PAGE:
Baroness Margaret Thatcher
I happened to be in London when Baroness Margaret Thatcher died last week and I have to say, I became very nostalgic. Today she’s receiving a full military funeral in London, with heads of state from all over the world paying tribute to her service. What I have to share has nothing to do with politics and everything to do with what she represented to me as a girl growing up in England. When I was 8 years old, I knew nothing about her politics, but I did know she was a woman, and she made it seem perfectly normal and acceptable to be a succesful and powerful woman in a man’s world. I can’t think of another country during that era with a similar role model. She made me believe that, as a girl, I could do and be anything I wanted to be. I never once felt like I couldn’t go toe-to-toe with a man in any career I chose. She was courageous, outspoken, provoking and all the things that contemprary women like COO of Facebook, Sheryl Sandberg advocate for.
Sandberg says in her book, Lean In, “A truly equal world would be one where women ran half our countries and companies and men ran half our homes. I believe that this would be a better world. The laws of economics and many studies of diversity tell us that if we tapped the entire pool of human resources and talent, our collective performance would improve. Legendary investor Warren Buffett has stated generously that one of the reasons for his great success was that he was competing with only half the population. The Warren Buffetts of my generation are still largely enjoying this advantage. When more people get in the race, more records will be broken. And the achievements will extend beyond those individuals to benefit us all.”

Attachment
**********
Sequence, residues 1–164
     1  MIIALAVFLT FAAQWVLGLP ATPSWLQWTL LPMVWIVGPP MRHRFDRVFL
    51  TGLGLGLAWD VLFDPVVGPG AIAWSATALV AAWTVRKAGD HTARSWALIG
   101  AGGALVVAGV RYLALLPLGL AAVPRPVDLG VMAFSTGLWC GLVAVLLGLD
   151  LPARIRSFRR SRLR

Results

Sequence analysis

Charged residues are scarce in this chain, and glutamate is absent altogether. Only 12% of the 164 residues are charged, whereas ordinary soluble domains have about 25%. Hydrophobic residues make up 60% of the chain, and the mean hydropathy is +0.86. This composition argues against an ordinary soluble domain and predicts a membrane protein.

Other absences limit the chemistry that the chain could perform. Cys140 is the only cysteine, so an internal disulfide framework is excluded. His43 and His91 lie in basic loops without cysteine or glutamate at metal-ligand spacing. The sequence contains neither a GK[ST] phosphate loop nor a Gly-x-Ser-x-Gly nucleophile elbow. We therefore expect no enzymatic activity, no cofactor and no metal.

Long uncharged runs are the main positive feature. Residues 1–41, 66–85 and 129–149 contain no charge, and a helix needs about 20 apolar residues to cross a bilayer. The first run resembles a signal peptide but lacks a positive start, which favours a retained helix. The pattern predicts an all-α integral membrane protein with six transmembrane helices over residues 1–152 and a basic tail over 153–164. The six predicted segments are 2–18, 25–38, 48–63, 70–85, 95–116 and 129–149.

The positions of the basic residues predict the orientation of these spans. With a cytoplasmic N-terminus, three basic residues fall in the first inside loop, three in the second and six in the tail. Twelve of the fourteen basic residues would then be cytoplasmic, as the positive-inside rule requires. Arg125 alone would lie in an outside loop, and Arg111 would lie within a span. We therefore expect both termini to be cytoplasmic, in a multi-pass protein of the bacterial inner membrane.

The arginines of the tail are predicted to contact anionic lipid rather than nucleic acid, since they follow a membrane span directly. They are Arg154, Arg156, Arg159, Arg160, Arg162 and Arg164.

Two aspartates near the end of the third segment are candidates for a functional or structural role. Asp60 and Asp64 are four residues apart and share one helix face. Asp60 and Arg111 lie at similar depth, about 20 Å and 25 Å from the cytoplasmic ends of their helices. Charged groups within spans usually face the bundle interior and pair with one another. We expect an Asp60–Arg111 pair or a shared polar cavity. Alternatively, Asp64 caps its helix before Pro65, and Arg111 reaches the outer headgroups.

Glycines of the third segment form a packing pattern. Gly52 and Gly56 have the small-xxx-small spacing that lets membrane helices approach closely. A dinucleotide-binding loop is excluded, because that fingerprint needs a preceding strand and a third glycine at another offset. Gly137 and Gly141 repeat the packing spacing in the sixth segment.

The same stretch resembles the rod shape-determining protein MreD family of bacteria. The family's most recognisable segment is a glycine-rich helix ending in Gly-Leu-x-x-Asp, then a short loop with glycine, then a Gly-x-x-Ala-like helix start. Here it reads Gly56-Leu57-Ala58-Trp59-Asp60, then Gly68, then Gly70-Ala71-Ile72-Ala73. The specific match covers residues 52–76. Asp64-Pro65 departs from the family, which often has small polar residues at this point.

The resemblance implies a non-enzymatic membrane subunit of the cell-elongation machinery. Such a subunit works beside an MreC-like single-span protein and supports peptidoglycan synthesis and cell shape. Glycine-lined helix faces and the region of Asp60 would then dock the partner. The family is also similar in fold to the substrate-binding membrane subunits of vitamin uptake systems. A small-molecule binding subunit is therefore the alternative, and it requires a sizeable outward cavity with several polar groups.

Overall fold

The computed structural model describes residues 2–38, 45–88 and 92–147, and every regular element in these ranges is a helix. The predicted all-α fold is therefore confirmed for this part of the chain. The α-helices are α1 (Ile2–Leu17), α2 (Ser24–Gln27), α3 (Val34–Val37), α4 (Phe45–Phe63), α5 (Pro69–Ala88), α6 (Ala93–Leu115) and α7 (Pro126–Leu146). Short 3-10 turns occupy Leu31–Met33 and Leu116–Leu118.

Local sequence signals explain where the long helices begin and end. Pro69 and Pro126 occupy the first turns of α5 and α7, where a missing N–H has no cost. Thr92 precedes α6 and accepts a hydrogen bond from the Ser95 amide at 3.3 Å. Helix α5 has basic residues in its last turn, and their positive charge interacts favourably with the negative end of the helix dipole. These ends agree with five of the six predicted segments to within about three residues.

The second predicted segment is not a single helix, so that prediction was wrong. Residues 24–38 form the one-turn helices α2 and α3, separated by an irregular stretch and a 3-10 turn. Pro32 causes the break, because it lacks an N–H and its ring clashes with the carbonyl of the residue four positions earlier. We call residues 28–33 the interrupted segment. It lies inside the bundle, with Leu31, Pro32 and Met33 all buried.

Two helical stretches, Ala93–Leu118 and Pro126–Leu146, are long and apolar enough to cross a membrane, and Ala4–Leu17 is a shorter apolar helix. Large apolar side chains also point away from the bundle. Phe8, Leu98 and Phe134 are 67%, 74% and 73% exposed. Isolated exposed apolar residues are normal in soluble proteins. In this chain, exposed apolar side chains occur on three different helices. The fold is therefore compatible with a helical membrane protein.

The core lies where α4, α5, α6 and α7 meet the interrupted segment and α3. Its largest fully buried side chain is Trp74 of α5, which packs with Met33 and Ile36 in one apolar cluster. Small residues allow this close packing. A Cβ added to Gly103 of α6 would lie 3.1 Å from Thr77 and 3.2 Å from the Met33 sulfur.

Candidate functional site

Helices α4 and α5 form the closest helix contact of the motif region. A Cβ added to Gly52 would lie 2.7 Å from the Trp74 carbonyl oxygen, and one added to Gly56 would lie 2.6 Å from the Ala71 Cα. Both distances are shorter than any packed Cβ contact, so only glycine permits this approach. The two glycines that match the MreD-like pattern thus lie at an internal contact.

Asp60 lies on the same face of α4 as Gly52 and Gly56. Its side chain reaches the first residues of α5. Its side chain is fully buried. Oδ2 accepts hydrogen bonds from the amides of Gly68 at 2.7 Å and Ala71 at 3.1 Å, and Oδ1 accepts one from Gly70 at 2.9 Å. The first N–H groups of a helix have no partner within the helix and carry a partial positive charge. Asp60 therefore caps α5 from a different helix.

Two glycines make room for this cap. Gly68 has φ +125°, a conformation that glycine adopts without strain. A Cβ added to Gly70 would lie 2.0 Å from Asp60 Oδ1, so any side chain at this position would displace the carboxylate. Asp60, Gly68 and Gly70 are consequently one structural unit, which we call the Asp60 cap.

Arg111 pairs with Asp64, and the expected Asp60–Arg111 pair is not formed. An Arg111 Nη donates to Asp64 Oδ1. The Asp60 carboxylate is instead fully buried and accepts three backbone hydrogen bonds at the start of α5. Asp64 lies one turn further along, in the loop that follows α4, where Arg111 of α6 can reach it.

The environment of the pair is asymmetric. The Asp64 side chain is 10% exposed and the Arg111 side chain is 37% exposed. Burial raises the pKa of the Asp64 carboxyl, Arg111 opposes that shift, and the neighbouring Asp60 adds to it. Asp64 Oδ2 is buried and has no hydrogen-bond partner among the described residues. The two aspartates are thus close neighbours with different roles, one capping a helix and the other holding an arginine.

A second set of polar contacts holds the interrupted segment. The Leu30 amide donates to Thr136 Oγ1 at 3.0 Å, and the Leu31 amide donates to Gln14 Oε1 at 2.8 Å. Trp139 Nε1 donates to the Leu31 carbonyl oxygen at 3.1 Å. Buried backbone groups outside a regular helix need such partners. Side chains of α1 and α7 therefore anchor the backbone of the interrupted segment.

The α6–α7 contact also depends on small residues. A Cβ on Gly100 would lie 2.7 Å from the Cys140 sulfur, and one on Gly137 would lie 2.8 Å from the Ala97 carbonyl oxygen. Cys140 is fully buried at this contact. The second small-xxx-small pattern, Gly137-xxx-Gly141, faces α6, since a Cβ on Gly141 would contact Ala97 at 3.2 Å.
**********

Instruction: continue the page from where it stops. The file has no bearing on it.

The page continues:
My hope, now that I live in America, is that more girls from younger generations will have the fortune of seeing more and more women at the top of the game.